Sometimes, it’s fine

Over the last couple days I’ve reread my book, Confessor. In preparation for a relaunch and possibly continuing on with some more writing (I still have a sequel or 2 in mind) I wanted to fix errors, perhaps do some rewriting, etc. I’ve been away from the book long enough, several years in fact, to hopefully be objective about what I’d written and be able to see trouble spots, sections I would need to rewrite for clarity, maybe having to rewrite the book completely. 

When I’d finished it way back in 2012, I was relieved. Eccstatic. This was a novel I had poured my heart and soul into. I felt, at the time, that it had good premise, decent flow, and a semi-brilliant ending. Even though I knew better, a small part of me hoped (and prayed) that it would take off like a rocket. Of course that didn’t happen. But as I said, I knew better. A writer makes money on a body of work, not a single novel. 

At any rate, my expectation was that I was going to read it and see a disaster.  The plot would crumble beneath my perfectionist gaze.

Only it didn’t. It’s amazing what a few years can do. Sure, I found some errors. Some words that were missed. A few paragraphs I deleted all together. I added a few words for clarity. 

As a whole, though, it read well. Way better than I expected. Did I catch everything? Probably not. I still read well published author’s books and fine errors of one type or another. We are human, it happens.

However, having been away from this book for so long and coming back to it, I realized that it’s not bad. I didn’t change the story, delete any chapters, rewrite any large sections. I’m still a perfectionist, but for once I didn’t get the insane urge to scrap it and rewrite the whole thing. 

Sometimes, it’s fine, just the way it is.

Draw a box, part 1

I’ve been working on improving my artwork, which over the years has gotten what I personally consider marginally better. One of my goals for the year was to hopefully make large strides in my understanding of drawing, to the point where I’m fairly comfortable drawing from my mind instead of using a reference.

The main issue I’d been having is knowing what to do to improve, outside of just drawing a lot. You can see what sort of stuff I’ve been doing here. It’s very easy to go all over the place, and I personally haven’t felt that I’ve made very many strides over the last 21 days.

During this month of non-stop drawing I’ve read several books and attempted to work through them, only to get frustrated due to my own lack of understanding of how to apply what I’d read. I’ve played music for many, many,years, and the first thing you learn is the fundamentals. Scales, cords, etc. And you do them over and over and over until you can do them in your sleep. And then you work on different pieces to develop the skill. And somewhere along the way, you just get it. The music flows, you hear a song in your head and your fingers do their thing.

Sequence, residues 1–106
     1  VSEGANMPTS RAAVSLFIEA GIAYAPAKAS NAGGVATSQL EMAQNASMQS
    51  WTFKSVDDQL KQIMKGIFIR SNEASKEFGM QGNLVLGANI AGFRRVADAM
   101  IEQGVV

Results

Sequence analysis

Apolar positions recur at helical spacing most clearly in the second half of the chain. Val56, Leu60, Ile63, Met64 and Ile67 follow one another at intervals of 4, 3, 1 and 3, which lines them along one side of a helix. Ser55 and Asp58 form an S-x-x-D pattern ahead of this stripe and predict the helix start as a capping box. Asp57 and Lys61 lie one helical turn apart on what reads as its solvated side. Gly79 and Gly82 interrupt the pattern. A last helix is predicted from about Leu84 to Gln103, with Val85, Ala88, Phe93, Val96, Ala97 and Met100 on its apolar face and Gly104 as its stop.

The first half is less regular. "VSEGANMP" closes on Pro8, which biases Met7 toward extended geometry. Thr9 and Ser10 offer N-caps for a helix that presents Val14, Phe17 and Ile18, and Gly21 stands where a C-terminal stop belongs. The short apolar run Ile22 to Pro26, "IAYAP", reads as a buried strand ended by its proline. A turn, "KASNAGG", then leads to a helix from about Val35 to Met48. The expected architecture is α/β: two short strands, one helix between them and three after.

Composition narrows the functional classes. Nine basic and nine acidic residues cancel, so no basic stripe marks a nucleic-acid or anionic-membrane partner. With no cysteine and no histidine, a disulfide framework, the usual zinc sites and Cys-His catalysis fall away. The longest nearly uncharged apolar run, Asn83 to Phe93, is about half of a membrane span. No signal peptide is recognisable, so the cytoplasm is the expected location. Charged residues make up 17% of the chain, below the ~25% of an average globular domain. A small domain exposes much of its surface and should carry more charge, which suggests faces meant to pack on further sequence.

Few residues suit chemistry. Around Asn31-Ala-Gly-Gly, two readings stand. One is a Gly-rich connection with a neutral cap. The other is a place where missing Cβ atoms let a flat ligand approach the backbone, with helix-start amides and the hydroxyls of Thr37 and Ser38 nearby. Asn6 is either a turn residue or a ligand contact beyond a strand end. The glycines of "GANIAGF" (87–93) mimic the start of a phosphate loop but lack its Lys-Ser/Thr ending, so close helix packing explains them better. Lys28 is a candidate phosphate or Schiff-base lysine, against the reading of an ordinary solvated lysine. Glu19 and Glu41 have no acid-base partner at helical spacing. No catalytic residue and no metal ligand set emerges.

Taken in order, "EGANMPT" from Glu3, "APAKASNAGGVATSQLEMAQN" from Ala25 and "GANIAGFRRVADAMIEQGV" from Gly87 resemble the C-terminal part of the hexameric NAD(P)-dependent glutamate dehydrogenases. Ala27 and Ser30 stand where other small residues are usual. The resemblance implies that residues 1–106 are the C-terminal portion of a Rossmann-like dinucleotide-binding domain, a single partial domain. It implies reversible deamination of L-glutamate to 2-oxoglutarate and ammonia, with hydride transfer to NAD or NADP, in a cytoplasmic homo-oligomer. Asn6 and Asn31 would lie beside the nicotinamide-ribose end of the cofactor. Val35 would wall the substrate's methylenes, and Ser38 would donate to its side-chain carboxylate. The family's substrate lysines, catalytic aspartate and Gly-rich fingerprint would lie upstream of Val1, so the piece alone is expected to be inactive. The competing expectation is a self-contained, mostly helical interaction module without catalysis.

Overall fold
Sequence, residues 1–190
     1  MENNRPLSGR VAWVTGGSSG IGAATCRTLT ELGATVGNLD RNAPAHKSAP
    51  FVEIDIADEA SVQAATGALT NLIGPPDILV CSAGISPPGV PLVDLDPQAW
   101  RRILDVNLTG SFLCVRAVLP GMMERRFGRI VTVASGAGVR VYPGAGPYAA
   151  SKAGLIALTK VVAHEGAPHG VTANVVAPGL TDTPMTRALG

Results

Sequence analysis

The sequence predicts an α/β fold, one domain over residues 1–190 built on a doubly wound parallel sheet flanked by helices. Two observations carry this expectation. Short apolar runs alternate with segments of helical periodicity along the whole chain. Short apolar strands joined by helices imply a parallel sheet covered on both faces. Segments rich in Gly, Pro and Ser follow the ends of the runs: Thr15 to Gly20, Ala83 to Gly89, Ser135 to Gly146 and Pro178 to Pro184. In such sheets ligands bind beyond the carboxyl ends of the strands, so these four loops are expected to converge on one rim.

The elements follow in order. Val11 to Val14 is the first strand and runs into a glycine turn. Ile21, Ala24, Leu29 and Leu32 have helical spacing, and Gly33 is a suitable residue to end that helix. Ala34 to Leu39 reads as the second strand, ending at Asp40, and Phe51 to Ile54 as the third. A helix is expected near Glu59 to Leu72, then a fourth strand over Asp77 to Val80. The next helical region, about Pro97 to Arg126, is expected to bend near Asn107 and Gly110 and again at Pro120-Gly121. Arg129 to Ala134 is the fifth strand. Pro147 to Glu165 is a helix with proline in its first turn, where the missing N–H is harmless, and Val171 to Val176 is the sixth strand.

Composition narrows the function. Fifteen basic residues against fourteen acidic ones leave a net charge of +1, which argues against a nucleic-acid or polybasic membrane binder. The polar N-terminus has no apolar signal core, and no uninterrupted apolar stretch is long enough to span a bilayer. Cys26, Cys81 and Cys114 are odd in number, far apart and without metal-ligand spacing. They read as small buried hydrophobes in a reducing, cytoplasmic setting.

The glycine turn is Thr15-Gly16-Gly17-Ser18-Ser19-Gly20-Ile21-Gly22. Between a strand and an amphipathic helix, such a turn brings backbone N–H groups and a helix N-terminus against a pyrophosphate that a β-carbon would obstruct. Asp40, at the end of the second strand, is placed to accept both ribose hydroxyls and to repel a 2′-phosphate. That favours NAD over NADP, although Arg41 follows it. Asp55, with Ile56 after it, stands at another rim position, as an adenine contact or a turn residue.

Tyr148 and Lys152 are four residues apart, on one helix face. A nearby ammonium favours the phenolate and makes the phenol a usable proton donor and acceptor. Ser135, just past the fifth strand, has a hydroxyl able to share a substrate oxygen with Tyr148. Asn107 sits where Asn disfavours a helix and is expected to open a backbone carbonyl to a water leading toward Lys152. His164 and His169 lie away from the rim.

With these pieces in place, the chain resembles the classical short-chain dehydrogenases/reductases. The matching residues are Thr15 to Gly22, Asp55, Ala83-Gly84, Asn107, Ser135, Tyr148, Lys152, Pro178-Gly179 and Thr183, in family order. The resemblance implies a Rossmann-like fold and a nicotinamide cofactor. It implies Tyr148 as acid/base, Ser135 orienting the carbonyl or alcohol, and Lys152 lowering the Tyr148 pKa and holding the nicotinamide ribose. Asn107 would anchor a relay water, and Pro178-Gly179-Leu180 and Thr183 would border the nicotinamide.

For people with talent, sometimes it happens right away. For most people, just doing the work and having a love for what you’re doing will get you there. Eventually you’ll hear it, and it will flow like water.

I want the same for my drawing. Except that I was never given any scales, or chords. I didn’t move on to pieces that would mold my skill into something useable, so I felt like I was banging away on the piano, able to hear music in my head but never able to get my fingers to express it in the way I wanted.

While I was googling around looking for a book or tutorials that might help I ran across  a website, that purports to teach in the way that I’m looking for. The basics, with exercises such as the one in my image, among other things drawing lines, circles, eclipses, boxes. The guy that runs it, Irshad Karim, also has a Patreon set up, if you donate anything a month he will do critiques plus there is bonus content. I’ve spent a good amount of time looking through the course on drawabox, and from what I can see its worth a lot more than he’s charging. He’s offering what is essentially a full blown art class for nothing, with art critiques for as low as $1 a month. 

So what does the course include?

First things first. 

Here’s how you hold the pen. Exercises.draw lines, boxes. Ghost lines. Cylinders. Plants. Textures. Organic forms. The human body. Anatomy. Perspective. The list goes on and its a long one, and I’m not sure how long it would take if someone decided to do the whole thing. Maybe a semester in college? Maybe longer. 

I am going to post updates here as I move through it. It should be fun, and I’m looking forward to it. If you ever wanted to learn how to draw, nows your chance. From the website: “Anyone can learn to draw. It’s not some magical talent a few people are born with. It’s a skill you can train.” Here goes.

The Samsung Note5 as a sketching tool 

I decided I was going to draw for at least 30 days straight, and I’m currently 2 weeks in to it. While I’m not afraid to utilize my trusty pencil and paper sketchbooks, I find myself in more situations that make it inconvenient to carry even a small sketchbook and favorite pencil.

Enter the Samsung Galaxy Note5. I have had it for almost a year now. I chose the phone specifically because it had a stylus. There are really only 2 phones on the market that have them, and the LG Stylo (I think it’s called) really isn’t an option. That phone only has a poking device, no sensitivity.